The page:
Carrying forward its plans to create a Stablecoin, a cryptocurrency of its own, Facebook has hired a 50 member team and most of them formerly used to work at PayPal.
While the company is trying its level best to keep this operation a closed-door affair, a report from Bloomberg details how ex PayPal President, David Marcus is leading the task force to expand Facebook’s functions deeper into the financial technology.
Marcus, under his supervision, has brought with him several big shots from PayPal to bank on the existing work harmony and effective knowledge of the segment. Former PayPal marketing head Christina Smedley will be in charge of packaging the final market product – Stablecoin.
Tomer Barel, earlier risk and fraud supervisor at PayPal will be a general counsel at Facebook, considering the intricacies of rules and regulations as well as the volatility that surrounds crypto.
Other people joining from PayPal include Meron Colbeci and Nate Gonzalez.
The 50 people team being lead by a significant number of people from eBay Inc.’s payment product PayPal showcases how seriously Facebook is planning to launch its Stablecoin – a cryptocurrency that is slated be less volatile than bitcoin and will make Facebook the first tech company to create its own currency.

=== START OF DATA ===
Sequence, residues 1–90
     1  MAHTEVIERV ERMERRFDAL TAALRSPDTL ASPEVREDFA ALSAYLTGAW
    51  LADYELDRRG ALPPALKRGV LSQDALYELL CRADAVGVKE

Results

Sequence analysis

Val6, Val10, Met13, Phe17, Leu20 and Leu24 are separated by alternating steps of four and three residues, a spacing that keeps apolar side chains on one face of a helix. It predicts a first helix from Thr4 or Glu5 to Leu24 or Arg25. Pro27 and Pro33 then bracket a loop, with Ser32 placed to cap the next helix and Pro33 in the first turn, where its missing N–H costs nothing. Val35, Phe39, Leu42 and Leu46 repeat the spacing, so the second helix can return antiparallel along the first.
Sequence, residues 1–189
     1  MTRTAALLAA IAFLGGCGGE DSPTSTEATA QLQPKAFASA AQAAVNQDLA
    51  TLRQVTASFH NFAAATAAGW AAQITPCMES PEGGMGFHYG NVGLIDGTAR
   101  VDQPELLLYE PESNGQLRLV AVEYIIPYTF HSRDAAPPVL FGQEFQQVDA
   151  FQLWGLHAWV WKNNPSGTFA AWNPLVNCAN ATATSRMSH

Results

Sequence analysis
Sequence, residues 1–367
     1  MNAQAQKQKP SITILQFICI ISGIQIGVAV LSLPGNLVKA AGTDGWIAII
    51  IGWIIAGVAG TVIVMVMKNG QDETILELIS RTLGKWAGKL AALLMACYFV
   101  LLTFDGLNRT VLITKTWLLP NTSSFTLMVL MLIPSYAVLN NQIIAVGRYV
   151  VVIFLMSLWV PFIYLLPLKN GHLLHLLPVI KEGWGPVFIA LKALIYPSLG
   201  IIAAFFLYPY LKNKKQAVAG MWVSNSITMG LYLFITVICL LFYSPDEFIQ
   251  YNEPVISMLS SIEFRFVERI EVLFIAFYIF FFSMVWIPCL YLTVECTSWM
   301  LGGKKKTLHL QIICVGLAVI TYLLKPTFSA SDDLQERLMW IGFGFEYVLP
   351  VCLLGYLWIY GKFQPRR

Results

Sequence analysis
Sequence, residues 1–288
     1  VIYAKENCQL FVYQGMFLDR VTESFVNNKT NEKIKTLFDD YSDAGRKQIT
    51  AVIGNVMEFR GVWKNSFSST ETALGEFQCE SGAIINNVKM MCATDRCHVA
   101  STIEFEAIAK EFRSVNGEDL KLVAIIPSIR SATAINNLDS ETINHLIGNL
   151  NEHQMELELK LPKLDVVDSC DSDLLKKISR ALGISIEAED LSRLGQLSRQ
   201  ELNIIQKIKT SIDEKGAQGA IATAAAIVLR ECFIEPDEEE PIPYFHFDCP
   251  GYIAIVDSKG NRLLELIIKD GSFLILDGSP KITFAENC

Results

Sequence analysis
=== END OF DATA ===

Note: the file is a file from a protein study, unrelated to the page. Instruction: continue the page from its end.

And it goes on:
The stability here is planned to bring about by pegging the coin to US Dollar or several fixed currencies altogether.
With Stablecoin, Facebook plans to facilitate remittances, transfers, and private e-commerce. The first target market to test this product is India, given the market expansion potential the country provides to the social media giant. Not to forget, WhatsApp already is testing its beta product WhatsApp Pay widely in the country.
Earlier reports had also mentioned the plans to use this currency majorly via the very product of WhatsApp Pay.
However, one concerning issue around the group’s India plans is the issues around data localisation vis-a-vis WhatsApp Pay; and the cryptocurrency ban in India that is slated to make Stablecoin product launch in India a difficult process.